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Wills and Probate

Wills and Probate

A will is a legal document made by the testator to provide for the distribution its assets and liabilities upon its death. A will can be made by any person above 18 years and with the prerequisite mental capacity. A will can bestow gifts on parties, or nominate a more complex scheme by which to distribute assets. When the testator dies, the will is administered by someone called the administrator. Usually, a will would appoint an executor to administer the estate. If not executor is nominated, the court will appoint one.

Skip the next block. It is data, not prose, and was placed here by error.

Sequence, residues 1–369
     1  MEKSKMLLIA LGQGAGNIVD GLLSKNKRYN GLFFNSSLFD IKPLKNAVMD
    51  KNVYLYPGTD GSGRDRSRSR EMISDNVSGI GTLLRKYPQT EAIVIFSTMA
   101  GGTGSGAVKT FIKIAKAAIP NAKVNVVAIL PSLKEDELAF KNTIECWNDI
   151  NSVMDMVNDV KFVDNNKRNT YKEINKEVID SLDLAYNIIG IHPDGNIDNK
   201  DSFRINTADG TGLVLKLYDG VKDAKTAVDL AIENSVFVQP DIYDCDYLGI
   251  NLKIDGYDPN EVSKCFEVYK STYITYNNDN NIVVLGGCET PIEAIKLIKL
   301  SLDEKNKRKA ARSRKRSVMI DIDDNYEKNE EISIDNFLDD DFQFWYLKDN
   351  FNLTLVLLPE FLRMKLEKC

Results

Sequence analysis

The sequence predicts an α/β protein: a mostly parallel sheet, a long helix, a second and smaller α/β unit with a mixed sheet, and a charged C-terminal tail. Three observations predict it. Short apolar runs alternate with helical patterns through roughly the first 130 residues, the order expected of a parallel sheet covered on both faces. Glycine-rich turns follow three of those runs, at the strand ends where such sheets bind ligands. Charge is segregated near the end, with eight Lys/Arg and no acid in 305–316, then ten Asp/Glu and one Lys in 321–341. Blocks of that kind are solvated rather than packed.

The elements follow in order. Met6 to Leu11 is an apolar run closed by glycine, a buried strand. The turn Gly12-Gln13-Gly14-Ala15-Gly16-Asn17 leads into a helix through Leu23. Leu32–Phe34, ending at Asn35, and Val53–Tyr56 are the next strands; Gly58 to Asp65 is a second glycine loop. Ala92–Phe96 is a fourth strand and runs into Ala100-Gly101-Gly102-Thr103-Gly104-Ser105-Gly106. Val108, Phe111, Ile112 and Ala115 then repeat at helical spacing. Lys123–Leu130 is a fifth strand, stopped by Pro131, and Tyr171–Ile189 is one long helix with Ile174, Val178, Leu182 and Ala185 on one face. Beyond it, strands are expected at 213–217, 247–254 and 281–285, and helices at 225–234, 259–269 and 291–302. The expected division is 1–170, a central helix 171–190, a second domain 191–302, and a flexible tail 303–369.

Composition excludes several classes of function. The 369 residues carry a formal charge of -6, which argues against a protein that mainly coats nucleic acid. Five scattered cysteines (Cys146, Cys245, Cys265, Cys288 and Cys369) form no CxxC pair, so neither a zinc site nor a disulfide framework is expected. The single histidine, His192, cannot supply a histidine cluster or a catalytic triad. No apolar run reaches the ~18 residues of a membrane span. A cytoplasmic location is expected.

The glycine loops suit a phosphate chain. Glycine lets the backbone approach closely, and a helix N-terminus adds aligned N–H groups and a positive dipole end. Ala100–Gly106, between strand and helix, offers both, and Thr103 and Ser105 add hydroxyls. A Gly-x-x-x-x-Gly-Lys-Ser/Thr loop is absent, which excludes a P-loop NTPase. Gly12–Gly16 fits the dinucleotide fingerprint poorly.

Before the assets can be administered, a grant of probate must be sought. A grant of probate is effectively a declaration that a will is valid and can be administered. A grant of probate is also required in the case of a person dying without a will (or “intestate”), or when there is a problem with the will.

Letters of Administrations are granted when a person dies without leaving a will, or when there is a problem with the will. A grant of probate or a Letter of Administration will always be required when dealing with real property.